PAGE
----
Home | News | Reviews | Previews | Hardware
Medal of Honor: Frontline
Score: 93%
ESRB: Teen
Publisher: EA Games
Developer: EA Games
Media: 1/0
Players: 1
Genre: First Person Shooter

Graphics & Sound:

June 6, 1944


The sounds of gunfire and bombs fill the air. You look to your left only to see a German plane sweep by your landing craft, strafing it with machine gun fire. Before you know it your craft has been overturned and as you struggle to gain your sense of direction, you notice bullets whiz by, leaving a bubble-filled trail in their wake. After you make it to shore, you notice other soldiers fighting their way to shore as well. You hear a familiar voice yelling for you. It is your Squad leader. He tells you to make it to shore and help cover your squad's thrust to the beachhead. As you run across the beach, explosions erupt all around you - sending sand billowing into the already foggy air. As the smoke clears, you see your fellow soldiers - some friends, some you never knew - lying on the sandy shore of the beach. Some are injured and cry out for your help, for others - it is already too late.

No, this is not the opening to Hollywood's newest WWII epic or a firsthand account of the D-Day invasion. These are the opening scenes of Medal of Honor: Frontline.

Everything about Frontline is epic. Whether you're storming Omaha Beach, running through a bombed out European town or traipsing across the windmill dotted fields of Holland, the quality of the visuals does an incredibly good job of pulling you in. A more frequent complaint I have heard about Frontline's graphics (mostly from Xbox/GC fanboys) has been the grainy, blurry look of the game. While this can easily attributed to, and is most likely an unfortunate effect of the PS2's limited texture ability, I enjoyed it. I thought it only added to the effect of a war-torn Europe. If you had bombs going off at all times over your city, as well as the biggest war in the history of mankind in your backyard, everything around you would have the same blurry, dirty look as well.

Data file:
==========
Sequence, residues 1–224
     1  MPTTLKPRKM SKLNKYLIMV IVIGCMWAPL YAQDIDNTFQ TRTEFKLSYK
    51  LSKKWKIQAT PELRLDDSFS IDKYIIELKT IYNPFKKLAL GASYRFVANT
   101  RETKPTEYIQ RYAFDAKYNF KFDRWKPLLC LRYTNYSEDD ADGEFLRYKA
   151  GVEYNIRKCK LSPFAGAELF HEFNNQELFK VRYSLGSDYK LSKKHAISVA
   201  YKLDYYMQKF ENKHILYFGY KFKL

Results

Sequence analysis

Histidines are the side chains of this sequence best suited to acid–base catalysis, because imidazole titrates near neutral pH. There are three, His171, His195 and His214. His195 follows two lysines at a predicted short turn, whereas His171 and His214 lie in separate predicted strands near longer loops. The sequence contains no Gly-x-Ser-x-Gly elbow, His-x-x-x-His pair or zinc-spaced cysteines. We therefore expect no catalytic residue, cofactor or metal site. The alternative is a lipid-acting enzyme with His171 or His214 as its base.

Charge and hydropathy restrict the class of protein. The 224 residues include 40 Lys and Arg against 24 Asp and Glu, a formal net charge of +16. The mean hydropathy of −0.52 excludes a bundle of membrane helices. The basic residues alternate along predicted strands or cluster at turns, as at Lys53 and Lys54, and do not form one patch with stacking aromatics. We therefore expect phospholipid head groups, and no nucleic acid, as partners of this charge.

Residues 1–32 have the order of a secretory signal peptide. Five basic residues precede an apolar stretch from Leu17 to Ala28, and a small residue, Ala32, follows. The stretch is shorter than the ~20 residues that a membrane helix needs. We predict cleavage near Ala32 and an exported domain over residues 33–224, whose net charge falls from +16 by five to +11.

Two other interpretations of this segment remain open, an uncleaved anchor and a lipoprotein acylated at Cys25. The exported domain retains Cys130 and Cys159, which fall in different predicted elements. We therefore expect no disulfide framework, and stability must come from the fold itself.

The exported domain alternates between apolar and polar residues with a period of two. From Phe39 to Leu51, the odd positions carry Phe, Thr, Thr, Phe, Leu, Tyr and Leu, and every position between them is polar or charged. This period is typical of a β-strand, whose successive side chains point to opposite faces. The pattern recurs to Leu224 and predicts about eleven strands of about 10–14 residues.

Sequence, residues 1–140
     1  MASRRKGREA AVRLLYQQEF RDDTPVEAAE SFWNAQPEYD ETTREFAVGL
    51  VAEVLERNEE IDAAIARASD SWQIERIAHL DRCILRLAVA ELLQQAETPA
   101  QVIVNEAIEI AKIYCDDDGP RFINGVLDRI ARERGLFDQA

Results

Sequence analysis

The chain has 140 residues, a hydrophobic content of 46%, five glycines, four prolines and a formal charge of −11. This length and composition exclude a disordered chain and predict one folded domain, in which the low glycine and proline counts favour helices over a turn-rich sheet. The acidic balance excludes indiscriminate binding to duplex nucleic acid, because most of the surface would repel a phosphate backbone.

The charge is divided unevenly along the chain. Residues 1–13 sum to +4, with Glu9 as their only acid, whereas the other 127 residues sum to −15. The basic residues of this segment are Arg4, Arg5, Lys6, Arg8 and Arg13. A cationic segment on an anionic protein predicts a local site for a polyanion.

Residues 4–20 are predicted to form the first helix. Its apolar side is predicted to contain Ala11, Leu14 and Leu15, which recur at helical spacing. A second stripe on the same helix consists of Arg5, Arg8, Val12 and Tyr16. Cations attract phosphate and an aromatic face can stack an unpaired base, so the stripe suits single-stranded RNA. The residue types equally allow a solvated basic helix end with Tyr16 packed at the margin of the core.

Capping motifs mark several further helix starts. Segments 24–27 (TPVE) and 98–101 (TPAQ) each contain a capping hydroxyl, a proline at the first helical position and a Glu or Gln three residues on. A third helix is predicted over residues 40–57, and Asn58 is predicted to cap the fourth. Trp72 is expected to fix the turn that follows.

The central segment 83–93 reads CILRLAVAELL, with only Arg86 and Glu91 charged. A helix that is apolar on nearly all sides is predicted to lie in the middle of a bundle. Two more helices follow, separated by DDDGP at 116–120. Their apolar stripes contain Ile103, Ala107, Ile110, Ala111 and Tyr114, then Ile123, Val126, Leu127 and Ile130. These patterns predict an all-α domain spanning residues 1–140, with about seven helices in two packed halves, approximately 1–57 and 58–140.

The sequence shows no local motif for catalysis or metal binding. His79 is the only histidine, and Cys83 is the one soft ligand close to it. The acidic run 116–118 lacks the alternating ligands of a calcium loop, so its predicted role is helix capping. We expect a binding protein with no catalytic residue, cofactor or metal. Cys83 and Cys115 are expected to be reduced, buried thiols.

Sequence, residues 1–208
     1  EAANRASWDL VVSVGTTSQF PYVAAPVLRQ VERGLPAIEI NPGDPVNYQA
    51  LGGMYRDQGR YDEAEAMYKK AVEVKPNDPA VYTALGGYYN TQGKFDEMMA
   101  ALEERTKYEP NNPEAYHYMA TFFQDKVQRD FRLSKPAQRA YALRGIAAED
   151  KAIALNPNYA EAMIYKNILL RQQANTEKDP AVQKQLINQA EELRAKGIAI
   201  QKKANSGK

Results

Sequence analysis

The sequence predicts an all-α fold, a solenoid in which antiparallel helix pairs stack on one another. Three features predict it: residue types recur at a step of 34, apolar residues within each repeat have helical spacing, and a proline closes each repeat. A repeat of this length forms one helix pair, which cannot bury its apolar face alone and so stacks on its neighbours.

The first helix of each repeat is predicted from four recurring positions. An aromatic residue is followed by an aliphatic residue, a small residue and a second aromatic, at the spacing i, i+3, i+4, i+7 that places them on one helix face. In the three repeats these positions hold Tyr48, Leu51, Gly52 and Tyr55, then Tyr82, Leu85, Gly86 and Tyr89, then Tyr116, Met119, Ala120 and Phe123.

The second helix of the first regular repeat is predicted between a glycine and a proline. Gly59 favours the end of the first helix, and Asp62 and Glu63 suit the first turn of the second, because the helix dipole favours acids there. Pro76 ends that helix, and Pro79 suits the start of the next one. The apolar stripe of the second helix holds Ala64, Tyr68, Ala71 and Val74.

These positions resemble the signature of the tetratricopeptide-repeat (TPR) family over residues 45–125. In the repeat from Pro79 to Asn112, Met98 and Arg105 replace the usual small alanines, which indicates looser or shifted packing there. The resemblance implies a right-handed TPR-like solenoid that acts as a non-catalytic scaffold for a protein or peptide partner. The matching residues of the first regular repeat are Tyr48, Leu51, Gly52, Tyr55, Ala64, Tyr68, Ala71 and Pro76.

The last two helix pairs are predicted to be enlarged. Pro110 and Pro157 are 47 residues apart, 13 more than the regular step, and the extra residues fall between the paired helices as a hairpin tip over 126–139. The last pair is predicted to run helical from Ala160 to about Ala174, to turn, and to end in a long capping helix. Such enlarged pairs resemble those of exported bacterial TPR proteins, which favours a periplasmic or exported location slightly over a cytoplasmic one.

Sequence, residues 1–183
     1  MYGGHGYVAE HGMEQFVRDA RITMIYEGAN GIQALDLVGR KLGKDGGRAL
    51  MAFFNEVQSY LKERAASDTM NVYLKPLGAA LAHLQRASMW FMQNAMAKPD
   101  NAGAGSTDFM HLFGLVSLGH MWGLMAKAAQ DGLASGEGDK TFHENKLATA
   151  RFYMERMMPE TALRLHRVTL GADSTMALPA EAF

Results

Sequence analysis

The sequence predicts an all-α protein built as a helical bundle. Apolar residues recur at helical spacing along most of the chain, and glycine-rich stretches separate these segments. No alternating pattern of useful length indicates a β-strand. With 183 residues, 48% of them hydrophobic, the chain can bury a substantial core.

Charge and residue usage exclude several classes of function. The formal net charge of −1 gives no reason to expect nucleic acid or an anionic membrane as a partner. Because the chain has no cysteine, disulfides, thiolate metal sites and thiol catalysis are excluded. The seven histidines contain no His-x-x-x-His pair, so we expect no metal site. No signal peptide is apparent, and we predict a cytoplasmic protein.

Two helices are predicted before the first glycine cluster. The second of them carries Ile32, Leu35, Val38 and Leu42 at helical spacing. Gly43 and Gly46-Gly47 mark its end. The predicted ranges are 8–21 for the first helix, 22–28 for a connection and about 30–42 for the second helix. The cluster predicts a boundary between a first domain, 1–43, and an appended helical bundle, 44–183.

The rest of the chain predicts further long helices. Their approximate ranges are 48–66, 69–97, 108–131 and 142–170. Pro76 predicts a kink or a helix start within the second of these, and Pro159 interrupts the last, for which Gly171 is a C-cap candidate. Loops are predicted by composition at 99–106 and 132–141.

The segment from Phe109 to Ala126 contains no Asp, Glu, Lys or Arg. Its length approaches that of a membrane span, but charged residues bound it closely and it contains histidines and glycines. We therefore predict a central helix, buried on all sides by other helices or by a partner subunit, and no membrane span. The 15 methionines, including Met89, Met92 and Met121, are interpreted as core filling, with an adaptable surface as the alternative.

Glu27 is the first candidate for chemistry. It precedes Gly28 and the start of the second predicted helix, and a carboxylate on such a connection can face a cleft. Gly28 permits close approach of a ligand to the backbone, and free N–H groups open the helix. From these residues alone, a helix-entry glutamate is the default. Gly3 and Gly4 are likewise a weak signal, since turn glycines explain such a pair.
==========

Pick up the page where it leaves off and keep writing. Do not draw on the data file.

To add to the game's visual splendor, the ambient sounds of war fill the air as a fully orchestrated soundtrack plays in the background. It is just one of those things you have to hear to believe, but trust me - there is something really cool about walking through a quiet, abandoned town and hearing machine gun fire or planes in the distance.

'Soldiers, Sailors and Airmen of the Allied Expeditionary Force: You are about to embark upon the Great Crusade, toward which we have striven these many months. The eyes of the world are upon you. The hope and prayers of liberty-loving people everywhere are with you...' - General Dwight D. Eisenhower

This is one of those games that I like to think of as more of an experience than a game. Some games may be groundbreaking titles, but there are very few that draw you in as well as the MOH series does, and Frontline is no different. As soon as the camera sweeps into your landing craft during D-Day until the very end, the game not only delivers an incredible gameplay experience, but you may learn a few new things along the way.